- The Amalgamation Waltz: Race, Performance, and the Ruses of Memory
In one scene in Ishmael Reed’s Flight to Canada (1976), Mammy Barracuda, a slave, and Abraham Lincoln waltz out of a room while Barracuda sings “Hello Abe” to the tune of “Hello, Dolly!” Her white master, Master Swille, and another slave, Uncle Robin, joyfully clap along. The scene, ludicrous and absurd, in some ways speaks to Tavia Nyongo’o’s description of what the “ ‘amalgamation waltz’ is meant to evoke: a momentum that spins the body into and out of the symbolic order, a performance that becomes a mirror in which seeing and being convene, without ever quite converging” (103). While Reed’s pairing satirizes Lincoln’s assumed affinity with blacks, Nyong’o’s discussion of antebellum “amalgamation waltzes” underscores the panicked public discourse about racial hybridity. Nyong’o’s The Amalgamation Waltz: Race, Performance, and the Ruses of Memory examines responses to the threat of [End Page 317] amalgamation in the U. S., exploring the performativity of race. “The external, intersubjective, and embodied aspects of social remembering,” Nyong’o declares, “are critical to the ways in which I make use of performance and performativity in this study” (13). The first half of Nyong’o’s title draws on the title of a nineteenth-century political cartoon by E. W. Clay, An Amalgamation Waltz. This satirical cartoon attacked abolitionists’ views of black freedom and equality by illustrating the supposed hideousness of black and white interracial couples dancing “cheek-to-cheek, breast-to-breast” (81–82). Nyong’o informs us that the waltz was initially seen as a sensual, transgressive, and threatening dance in its European birthplace; it thus serves as apt metaphor for thinking about racial amalgamation and performance in the U. S.
With a mixed-race president, a myriad of mixed-race memoirs and biographies, and ongoing academic inquiry into and public interest in racial mixing, racial crossings, and racial identity, The Amalgamation Waltz is timely and relevant. Nyong’o’s goal is to “both assert and show the performative effects of history rather than simply add to the weight of history’s pedagogy” (7). To this end, the book’s four body chapters chronologically examine four “historical flashpoints”: competing and conflicting representations of Crispus Attucks, black abolitionism in the 1830s, blackface minstrelsy in the 1850s, and present-day artistic responses to race and racism in the antebellum South.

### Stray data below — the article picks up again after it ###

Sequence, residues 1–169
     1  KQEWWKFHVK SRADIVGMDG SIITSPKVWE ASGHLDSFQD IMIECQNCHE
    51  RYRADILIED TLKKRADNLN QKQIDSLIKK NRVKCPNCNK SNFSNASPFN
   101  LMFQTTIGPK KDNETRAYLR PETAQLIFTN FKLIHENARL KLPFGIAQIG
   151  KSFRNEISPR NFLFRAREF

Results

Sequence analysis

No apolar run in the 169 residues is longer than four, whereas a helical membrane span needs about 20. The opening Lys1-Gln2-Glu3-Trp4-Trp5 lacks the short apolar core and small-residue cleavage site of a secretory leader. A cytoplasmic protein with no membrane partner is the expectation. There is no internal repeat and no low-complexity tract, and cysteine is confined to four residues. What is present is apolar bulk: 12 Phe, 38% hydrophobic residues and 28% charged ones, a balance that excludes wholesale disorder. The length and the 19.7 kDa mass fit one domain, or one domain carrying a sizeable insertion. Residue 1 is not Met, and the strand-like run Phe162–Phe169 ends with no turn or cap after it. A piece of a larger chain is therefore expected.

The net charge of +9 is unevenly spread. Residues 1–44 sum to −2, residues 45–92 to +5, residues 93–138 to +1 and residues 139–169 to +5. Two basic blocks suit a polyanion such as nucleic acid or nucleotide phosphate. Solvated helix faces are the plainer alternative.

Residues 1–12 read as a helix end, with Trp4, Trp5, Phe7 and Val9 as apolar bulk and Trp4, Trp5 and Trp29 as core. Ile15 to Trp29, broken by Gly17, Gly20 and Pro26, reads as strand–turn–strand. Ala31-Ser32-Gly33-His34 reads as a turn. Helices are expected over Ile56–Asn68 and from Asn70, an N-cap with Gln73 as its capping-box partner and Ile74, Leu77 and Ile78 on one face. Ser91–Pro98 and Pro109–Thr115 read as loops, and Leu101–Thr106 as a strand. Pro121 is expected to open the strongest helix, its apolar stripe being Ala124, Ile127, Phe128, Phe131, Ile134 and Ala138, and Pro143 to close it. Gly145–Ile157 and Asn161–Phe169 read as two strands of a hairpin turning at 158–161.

Throughout the book, Nyong’o employs the motif of the “circum-Atlantic fold,” a metaphor that concerns both time and space. As he explains, “[b]etween the potential and performance of black freedom . . . there lies the hollow of a fold within which many of our conceptualizations of race, inheritance, and hybridity were formulated” (18). In chapter one, “The Mirror of Liberty: Constituent Power and the American Mongrel,” Nyong’o explores contradictory portrayals of Crispus Attucks, the first martyr of the American Revolution, and demonstrates how the figure of Attucks has been (mis)construed and reproduced in the fold. Examining various illustrations of the Boston Massacre, Nyongo’o discusses how artists of the late eighteenth century (such as Henry Pelham and Paul Revere) and nineteenth-century abolitionist texts (such as the frontispiece of William Cooper Nell’s The Colored Patriots of the American Revolution) portray Attucks as whitewashed, mulatto, or black, according to their political purposes. Nyongo’o highlights how Attucks (and his “blackness”) has been both included and excluded from pictorial representations, revealing a national ambivalence about this revolutionary exemplar. He ends by describing how Attucks was recovered in black collective memory, a move prompted by black abolitionist William Cooper Nell.
In chapter two, “In Night’s Eye: Amalgamation, Respectability, and Shame,” Nyong’o asserts that the 1830s present a unique decade because of its “lawless violence” and the “moral status of the scapegoated minority” (72). He reminds his readers that abolitionists saw themselves as morality enforcers. Not all abolitionists were amalgamationists; many abolitionists portrayed the South as a cesspool of cross-racial immorality, pointing to the sexual exploitation of black...